Royal Society Publishing

Modelling waves and surges during the 1953 storm

J Wolf, R.A Flather


Waves and sea levels have been modelled for the storm of 31 January–1 February 1953. Problems in modelling this event are associated with the difficulty of reconstructing wind fields and validating the model results with the limited data available from 50 years ago. The reconstruction of appropriate wind fields for surge and wave models is examined. The surges and waves are reproduced reasonably well on the basis of tide-gauge observations and the sparse observational information on wave heights. The maximum surge coincided closely in time with tidal high water, producing very high water levels along the coasts of the southern North Sea. The statistics of the 1953 event and the likelihood of recurrence are also discussed. Both surge and wave components were estimated to be approximately 1 in 50 year events. The maximum water level also occurred when the offshore waves were close to their maximum. The estimation of return period for the total water level is more problematic and is dependent on location. A scenario with the 1953 storm occurring in 2075, accounting for the effects of sea level rise and land movements, is also constructed, suggesting that sea level relative to the land could be 0.4–0.5 m higher than in 1953 in the southern North Sea, assuming a rise in mean sea level of 0.4 m.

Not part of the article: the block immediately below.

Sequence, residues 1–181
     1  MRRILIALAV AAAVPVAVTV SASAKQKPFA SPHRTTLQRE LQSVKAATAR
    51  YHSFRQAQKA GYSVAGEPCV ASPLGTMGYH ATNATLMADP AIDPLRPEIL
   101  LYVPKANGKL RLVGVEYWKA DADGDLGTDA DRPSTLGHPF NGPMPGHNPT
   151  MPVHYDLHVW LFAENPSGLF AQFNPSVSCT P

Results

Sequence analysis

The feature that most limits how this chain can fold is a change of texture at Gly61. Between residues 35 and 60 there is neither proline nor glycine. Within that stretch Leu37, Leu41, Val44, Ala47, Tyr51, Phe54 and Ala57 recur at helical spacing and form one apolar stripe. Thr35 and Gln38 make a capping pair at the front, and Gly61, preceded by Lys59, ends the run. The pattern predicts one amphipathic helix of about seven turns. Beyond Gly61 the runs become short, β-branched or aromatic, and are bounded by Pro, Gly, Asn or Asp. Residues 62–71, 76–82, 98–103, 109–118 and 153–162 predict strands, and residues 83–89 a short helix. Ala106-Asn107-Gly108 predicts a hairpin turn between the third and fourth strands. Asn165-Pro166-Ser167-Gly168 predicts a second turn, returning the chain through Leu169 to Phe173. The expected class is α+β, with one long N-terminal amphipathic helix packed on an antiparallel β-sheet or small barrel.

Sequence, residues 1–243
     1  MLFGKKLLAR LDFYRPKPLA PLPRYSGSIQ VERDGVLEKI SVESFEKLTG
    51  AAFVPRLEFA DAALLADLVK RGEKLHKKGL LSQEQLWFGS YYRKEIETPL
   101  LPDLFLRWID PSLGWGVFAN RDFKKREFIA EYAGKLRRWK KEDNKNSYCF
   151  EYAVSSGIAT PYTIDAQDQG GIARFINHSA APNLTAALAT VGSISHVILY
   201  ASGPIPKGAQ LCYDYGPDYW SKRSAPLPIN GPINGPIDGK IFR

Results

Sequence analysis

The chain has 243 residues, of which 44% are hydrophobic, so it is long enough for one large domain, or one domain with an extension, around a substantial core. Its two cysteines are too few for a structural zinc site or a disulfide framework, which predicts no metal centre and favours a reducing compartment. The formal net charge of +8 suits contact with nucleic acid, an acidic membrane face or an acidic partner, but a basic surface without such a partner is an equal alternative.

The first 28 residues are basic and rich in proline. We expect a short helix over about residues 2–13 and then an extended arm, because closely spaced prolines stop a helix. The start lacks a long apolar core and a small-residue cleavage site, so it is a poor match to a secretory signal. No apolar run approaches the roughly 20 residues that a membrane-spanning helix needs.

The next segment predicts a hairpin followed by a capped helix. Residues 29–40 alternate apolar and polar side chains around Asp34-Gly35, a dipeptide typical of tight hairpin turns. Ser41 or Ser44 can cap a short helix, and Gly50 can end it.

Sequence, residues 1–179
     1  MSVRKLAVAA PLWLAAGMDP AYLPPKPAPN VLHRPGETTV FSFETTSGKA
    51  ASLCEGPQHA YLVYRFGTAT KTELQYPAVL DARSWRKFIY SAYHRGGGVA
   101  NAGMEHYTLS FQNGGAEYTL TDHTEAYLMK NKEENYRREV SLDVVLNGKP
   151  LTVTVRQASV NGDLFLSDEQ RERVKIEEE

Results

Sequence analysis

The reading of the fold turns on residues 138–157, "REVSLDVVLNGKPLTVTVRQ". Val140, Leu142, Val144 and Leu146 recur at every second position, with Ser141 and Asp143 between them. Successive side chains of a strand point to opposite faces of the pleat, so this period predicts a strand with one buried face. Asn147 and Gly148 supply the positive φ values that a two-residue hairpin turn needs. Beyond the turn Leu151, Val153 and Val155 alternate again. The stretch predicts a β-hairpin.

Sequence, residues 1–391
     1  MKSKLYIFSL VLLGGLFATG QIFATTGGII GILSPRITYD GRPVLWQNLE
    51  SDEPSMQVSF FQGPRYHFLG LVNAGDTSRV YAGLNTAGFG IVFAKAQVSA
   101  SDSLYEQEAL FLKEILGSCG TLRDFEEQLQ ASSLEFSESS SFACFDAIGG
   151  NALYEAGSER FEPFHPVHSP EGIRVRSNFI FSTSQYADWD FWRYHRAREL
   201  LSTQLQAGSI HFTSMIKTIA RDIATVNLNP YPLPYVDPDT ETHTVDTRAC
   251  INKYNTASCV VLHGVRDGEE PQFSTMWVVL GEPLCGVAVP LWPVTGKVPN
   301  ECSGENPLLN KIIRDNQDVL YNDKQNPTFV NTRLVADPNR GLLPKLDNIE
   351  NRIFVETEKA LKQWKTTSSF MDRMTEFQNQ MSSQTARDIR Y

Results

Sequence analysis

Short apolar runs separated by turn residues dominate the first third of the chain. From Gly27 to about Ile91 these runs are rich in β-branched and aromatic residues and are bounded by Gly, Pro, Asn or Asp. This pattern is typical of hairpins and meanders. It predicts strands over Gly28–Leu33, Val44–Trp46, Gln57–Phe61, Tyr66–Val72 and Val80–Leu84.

1. Introduction

The storm surge of 31 January–1 February 1953 was one of the most devastating natural disasters in western Europe last century, with the loss of over 1800 lives in the Netherlands (Gerritsen 2005) and 300 deaths in southeast England (Baxter 2005). Storm surges (water levels raised by meteorological forcing) occur each winter when low pressure systems and gale-force winds cross northwest Europe. Generally, storm surges are accompanied by high waves which can damage or breach coastal defences. If the waves are combined with higher than usual sea level, the wave energy impacts near to the top of sea defences and can overtop them, attacking their rear face and increasing the likelihood of failure. In the North Sea, the most dangerous winds for generating high waves and sea levels are from the north to northwest. North to northwest gales often occur as depressions move across the north of the UK from west to east. If the peak of the storm surge occurs near high tide, as in the 1953 event, this can produce particularly devastating conditions.